The Russia-Ukraine conflict is leading to a detrimental effect on Goa’s tourism sector with the bookings of chartered flights slowing down from both countries.
Goa is a major tourist attraction for the Eastern Europe and Central Asia with tourists flocking to the coastal state in large number during the current season.
However, the dreaded Russian invasion of Ukraine will directly impact the business of 4,000 small and medium hotels in Goa.
The Charter season that was slowed down due to the third wave of the Covid-19 pandemic is slated to get affected further. Even though the Charter flights had dropped dramatically due to the third wave, one charter flight was arriving in Goa from Russia every 10 days. In pre-pandemic times, Goa used to receive one flight from Russia every day and 40-50 flights from Ukraine used to land in a season.
Tour operators believe that the current situation in Europe will adversely affect their business as most of the small and medium hotels in Goa are run by these charter tourists.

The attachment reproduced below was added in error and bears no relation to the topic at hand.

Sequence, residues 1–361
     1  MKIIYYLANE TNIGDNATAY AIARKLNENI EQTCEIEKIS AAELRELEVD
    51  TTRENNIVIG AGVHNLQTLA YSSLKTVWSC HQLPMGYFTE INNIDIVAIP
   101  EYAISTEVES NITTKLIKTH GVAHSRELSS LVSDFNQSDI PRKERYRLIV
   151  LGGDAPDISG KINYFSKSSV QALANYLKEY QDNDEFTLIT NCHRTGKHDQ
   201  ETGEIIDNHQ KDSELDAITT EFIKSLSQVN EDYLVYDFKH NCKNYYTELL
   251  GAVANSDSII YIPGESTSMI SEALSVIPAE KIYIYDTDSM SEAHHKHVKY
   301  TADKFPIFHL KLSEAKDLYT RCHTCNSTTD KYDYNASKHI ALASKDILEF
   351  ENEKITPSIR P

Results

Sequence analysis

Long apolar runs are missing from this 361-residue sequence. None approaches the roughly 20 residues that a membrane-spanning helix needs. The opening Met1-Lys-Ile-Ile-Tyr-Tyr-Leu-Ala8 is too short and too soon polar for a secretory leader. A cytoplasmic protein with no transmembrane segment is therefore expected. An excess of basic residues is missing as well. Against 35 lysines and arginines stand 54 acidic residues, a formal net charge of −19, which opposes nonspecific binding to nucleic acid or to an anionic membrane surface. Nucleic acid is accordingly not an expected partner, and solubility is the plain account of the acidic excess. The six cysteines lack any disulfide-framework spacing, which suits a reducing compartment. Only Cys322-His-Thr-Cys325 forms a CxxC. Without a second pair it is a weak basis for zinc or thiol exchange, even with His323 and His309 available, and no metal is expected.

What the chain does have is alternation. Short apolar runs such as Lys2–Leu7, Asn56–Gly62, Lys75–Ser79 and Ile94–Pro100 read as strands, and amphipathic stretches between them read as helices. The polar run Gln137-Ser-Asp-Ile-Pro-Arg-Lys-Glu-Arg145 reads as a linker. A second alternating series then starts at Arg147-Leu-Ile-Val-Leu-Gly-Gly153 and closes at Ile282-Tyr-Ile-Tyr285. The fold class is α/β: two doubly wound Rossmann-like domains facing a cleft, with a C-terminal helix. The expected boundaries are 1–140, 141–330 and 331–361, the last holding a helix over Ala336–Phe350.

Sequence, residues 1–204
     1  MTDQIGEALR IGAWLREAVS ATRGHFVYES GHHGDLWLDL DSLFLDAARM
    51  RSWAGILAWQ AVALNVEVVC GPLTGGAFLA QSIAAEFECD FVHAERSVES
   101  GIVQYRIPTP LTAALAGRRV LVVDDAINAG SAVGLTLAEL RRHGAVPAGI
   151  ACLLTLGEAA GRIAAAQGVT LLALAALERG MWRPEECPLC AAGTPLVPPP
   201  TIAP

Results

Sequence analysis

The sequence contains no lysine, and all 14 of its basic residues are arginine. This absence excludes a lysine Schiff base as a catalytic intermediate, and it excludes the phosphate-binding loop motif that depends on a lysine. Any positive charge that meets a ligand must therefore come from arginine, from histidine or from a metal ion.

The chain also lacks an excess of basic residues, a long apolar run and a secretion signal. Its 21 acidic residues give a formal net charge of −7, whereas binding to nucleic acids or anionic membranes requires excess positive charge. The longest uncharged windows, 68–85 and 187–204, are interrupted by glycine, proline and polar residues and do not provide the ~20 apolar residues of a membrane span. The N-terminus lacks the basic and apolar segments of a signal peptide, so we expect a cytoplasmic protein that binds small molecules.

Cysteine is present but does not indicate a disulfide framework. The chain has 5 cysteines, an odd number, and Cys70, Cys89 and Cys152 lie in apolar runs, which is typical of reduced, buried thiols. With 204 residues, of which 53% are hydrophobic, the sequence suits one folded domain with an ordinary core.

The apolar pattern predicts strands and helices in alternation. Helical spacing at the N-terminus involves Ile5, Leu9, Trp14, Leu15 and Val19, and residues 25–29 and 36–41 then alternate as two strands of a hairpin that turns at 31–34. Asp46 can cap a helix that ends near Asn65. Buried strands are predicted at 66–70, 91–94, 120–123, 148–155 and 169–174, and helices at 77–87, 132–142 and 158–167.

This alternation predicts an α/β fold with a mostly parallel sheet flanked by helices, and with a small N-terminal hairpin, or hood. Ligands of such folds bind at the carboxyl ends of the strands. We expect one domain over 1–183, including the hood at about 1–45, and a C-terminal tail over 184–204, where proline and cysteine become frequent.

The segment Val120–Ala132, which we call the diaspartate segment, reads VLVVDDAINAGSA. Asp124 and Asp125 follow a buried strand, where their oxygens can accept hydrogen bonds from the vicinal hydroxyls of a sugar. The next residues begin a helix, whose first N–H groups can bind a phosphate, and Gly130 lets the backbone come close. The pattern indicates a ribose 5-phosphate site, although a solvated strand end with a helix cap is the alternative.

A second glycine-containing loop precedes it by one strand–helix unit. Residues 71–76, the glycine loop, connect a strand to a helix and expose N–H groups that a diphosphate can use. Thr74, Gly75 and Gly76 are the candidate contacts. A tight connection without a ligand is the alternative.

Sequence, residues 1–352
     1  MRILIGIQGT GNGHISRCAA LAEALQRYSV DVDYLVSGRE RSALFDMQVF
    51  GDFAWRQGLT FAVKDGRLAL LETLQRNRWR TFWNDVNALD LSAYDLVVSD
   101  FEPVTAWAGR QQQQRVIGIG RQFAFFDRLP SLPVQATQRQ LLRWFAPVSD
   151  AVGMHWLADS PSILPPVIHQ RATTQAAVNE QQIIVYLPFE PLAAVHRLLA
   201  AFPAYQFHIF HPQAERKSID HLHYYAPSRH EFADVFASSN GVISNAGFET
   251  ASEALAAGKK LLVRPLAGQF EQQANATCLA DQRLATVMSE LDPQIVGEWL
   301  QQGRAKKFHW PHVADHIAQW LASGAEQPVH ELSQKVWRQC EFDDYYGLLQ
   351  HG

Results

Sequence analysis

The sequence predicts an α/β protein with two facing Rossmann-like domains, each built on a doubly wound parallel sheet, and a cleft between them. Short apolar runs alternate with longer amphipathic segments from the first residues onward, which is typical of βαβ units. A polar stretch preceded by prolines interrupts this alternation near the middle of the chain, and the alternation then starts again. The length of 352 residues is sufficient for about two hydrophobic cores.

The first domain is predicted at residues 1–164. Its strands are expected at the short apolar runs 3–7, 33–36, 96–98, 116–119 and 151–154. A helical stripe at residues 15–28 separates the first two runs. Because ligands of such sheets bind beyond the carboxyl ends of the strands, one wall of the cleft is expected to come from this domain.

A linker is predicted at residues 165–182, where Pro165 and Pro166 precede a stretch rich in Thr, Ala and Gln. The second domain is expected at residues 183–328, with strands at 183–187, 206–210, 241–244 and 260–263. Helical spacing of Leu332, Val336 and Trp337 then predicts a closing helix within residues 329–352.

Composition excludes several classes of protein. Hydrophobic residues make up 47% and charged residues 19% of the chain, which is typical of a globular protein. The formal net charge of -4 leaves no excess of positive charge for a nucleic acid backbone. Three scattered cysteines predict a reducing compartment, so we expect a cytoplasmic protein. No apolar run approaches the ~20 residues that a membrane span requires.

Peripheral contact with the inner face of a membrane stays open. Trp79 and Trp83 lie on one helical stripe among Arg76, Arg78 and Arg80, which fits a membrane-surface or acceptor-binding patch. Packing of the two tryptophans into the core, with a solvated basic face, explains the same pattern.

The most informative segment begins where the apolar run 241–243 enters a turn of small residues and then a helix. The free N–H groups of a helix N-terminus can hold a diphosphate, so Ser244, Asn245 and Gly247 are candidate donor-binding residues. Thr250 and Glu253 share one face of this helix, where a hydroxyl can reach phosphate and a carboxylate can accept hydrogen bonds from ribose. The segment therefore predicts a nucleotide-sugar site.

Ismail Sheikh, Vice president of Concord, a tour company that brings Russian tourists to Goa, said that a charter flight would arrive from Russia tomorrow (March 3) but there were very few tourists.
Nilesh Shah, President of Travel and Tourism Association of Goa (TTAG), said, "the business of big star hotels has not been affected much as a large number of domestic tourists are currently flocking to Goa for weddings and other events. But small and medium hotels have definitely been affected including the shacks traders in the coastal areas of Goa who are dependent on these tourists."
Serafino Cotta, president of Small and Medium Hotels Owners Association, said they are left without much business for the third year in a row.
"We are currently in a dilemma, with some hotels having no tourists at all. With the exception of some parts of North Goa, there was a lull in shacks elsewhere. We expected to do good business, at least this time around. Our three seasons produced no business due to Covid. And this fourth season had also been eaten up by the war," he said.